The idea that we can use social media chatter to predict the future is not a new one. The sheer size of networks like Facebook and Twitter mean that if nothing else, social media can provide researchers with limited funding a large sampling of data that can be sorted and organized quickly with algorithms. Everything from trends in the stock market to future weather patterns have been the subject of these social media prediction studies.
In 2010 Sitaram Asur of HP Computing Labs completed a study where they predicted box office revenues from social media chatter. Their predictions were accurate enough to lend some real credibility to the idea that you can predict the future with nothing more than social media data. The box office predictions showed a strong correlation in the rate at which tweets related to each movie were generated and the box office take. In their study they also attempted to show a correlation for sentiment, but found that it only played a part after the initial release, when tweets included reviews from people who had actually seen the movie.
Another novel idea that turned practical involved Derwent Capital’s “Twitter Hedge Fund” that uses mood and chatter to rate stocks that the company then invests in. In July of 2011 when the media first picked up on the story, the Hedge Fund made 0.76 percent while the S&P 500 fell 2.2 percent. This was enough evidence for financial analysts and investors alike to take notice. Initial research suggests that the general mood of Twitter Users shows some correlation to the movement of the Dow Jones Industrial Average.
Other outcomes that have been recently subjected to the predictive power of Twitter with positive results include red carpet awards shows, predicting terrorist attacks, and the winners of upcoming elections. On the heels of what could be the most important (and closest) election in American history, I couldn’t help but to take a look at what Twitter was saying about the battle between Mitt Romney and Barack Obama. Is it predicting the winner as we speak?
Considerations for The Best Results
To start my study, I looked at several sources for social media data, the election process as a whole, and the data available to use in a prediction. Since this election will boil down to the Electoral College votes from just a handful of states, I wasn’t able to take the approach I would have liked (which would have been to determine which states were still up for grabs, plot the chatter and sentiment results, pro-rate the outcomes to the number of electoral votes assigned to that state, and tally the results.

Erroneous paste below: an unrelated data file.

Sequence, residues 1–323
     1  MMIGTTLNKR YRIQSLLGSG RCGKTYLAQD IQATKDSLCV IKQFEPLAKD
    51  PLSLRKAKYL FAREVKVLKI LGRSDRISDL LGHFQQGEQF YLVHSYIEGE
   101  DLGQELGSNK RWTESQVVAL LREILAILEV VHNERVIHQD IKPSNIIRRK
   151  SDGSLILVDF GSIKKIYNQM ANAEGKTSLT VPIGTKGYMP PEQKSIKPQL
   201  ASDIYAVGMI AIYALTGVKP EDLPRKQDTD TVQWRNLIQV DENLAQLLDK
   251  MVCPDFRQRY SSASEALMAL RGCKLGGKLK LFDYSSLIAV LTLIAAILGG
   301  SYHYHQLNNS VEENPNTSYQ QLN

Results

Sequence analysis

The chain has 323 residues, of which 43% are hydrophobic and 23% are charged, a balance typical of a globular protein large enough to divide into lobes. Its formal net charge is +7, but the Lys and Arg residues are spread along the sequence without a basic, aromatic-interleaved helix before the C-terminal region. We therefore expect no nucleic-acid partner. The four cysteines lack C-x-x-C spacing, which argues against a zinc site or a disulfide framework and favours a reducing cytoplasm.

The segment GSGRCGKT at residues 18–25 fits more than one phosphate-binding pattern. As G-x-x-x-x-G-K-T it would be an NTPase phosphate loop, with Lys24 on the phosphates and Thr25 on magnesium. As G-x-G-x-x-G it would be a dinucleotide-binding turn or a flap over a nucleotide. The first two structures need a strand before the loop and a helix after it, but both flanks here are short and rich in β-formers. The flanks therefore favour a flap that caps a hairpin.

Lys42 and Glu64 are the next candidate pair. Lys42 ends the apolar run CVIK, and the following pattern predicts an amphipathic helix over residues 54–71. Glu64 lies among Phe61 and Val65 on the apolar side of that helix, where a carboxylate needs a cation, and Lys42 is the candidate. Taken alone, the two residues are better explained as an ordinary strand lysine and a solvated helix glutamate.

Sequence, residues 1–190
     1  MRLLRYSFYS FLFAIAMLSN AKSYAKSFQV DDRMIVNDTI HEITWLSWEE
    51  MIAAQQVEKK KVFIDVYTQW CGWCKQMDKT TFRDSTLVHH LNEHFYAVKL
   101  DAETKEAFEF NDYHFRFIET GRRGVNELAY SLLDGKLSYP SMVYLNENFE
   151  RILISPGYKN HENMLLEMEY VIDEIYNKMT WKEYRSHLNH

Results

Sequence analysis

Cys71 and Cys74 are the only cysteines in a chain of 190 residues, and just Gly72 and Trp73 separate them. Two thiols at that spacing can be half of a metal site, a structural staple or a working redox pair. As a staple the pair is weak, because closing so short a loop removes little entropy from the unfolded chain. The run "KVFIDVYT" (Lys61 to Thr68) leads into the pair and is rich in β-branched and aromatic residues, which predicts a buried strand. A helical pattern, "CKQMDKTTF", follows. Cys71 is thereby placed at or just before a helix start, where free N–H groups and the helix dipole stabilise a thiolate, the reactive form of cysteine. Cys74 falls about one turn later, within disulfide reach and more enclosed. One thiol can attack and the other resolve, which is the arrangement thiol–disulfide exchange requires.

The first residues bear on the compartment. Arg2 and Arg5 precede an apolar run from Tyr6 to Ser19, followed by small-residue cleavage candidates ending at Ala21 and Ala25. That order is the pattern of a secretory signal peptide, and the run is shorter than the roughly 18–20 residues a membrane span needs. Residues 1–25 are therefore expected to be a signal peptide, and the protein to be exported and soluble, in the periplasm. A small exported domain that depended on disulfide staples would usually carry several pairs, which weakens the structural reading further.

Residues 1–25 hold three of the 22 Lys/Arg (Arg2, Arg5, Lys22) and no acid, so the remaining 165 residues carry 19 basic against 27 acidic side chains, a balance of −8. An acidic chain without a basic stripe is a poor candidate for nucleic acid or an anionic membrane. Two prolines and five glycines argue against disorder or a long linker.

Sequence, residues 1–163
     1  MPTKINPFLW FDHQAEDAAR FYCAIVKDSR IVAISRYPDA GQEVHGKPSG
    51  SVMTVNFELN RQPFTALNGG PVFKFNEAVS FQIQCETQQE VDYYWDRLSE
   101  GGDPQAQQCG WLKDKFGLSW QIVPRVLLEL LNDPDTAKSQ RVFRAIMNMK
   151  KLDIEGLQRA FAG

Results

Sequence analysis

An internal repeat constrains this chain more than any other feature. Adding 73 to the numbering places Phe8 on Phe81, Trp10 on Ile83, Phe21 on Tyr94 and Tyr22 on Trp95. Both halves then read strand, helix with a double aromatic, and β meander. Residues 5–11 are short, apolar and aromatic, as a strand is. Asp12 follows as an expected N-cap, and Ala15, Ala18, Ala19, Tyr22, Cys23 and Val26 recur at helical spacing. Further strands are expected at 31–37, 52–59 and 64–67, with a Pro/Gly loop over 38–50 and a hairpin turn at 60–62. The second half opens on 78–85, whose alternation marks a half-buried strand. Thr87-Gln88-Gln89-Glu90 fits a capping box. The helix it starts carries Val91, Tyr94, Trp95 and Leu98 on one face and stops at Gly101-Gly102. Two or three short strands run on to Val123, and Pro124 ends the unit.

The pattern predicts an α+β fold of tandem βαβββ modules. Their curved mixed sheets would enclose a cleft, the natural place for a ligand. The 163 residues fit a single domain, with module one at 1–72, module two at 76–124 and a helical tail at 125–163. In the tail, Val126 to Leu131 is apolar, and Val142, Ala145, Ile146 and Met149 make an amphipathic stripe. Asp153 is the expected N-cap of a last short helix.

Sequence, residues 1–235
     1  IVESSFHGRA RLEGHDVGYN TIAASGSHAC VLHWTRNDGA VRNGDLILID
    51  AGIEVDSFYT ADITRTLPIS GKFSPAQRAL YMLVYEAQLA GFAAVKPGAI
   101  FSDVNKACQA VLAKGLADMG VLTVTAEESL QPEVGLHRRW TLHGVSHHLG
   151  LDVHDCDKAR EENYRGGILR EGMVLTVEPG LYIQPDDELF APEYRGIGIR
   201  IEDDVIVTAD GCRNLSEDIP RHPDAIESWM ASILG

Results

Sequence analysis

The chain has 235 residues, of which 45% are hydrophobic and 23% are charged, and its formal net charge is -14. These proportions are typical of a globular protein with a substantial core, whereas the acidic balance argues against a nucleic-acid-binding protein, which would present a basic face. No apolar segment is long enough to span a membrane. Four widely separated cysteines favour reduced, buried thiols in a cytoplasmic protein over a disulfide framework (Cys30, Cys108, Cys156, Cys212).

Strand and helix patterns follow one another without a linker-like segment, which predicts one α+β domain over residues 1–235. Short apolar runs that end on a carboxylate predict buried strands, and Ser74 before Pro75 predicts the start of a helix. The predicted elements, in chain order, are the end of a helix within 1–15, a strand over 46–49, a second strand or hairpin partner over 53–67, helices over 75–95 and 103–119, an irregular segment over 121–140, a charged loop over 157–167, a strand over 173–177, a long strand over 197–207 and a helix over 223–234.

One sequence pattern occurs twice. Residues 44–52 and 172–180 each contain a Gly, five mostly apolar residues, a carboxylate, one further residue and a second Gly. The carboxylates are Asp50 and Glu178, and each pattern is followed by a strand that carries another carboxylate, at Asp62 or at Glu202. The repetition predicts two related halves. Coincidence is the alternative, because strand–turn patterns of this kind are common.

I didn’t have the software capable of running such an in-depth analysis, so I decided to predict the winner of this week’s Presidential Election by looking at the sentiment of Tweeters in the USA using People Browser’s Kred Playground. Since primary indicators in almost all of these predictive analyses is chatter and sentiment, I also looked at the overall number of tweets mentioning the two candidates in the last month. Here are our results.
For terms I decided to use the candidates last names because when using their full names, Mitt Romney was mentioned a couple million more times. Most tweeters likely refer to Barack Obama simply as Obama, and there are no doubt tweeters that call Mitt Romney just Romney.
For the term ‘Romney’ there were a total of 19,521,382 global mentions in the last 30 days, and 875,542 in the USA that were assigned a positive or negative sentiment. 548,787 of those tweets were Positive, 326,755 of those tweets were negative. In the case of Mitt Romney, 62.7 percent of the tweets expressing sentiment were positive while 37.3 percent were negative.
For the term ‘Obama’ there were a total of 21,257,851 global mentions in the last 30 days, and 883,779 in the USA that were assigned a positive or negative sentiment. 553,002 of those tweets were Positive, 330,777 of those tweets were negative. In the case of Barack Obama, 62.6 percent of the tweets expressing sentiment were positive while 37.4 percent were negative.
The reality is that this election could go either way tomorrow. I wanted to field a clear prediction from social sentiment however, but it seems that even Twitter can’t make up their mind which candidate to vote for. With a difference of just over .1 percent, the results are closer than any poll in the United States.
Even though the sentiment shows the candidates tied for popularity, Obama had a clear edge when it came to overall mentions. However, more users were likely refer to Mitt Romney simply as Mitt than they were to refer to Obama as Barack. Even still, the term Romney came within 4,215 mentions when it came to US tweeters. Overall 49.8 percent of chatter mentioned Romney while 50.2 mentioned Obama.
Romney held a .1 percent lead when it came to expressed sentiment, and Obama had a .2 percent lead in overall sentimental mentions. Our research leads to a tie any way you look at it. The results reflect a division between parties that has never been so great.
No matter who wins the election tomorrow, I think most social media users will be happy to put it behind us. Social Networks aren’t made to handle such a high level of vitriol. That’s why no one is saying that Facebook will be a deciding factor in the election this year. Even with two campaigns that are relying heavily on smear tactics, I find it comforting that there were still more Tweets associated with positive sentiment for each candidate (although, I feel like 90 percent of the posts going across my Facebook feed are decidedly negative).
How do you think social media plays a part in the 2012 election? Do you think our results of a split vote are representative of the tweets you’re seeing? Will you be glad on November 7th when we can go back to posting cat pictures? Tell us about it in the comments below!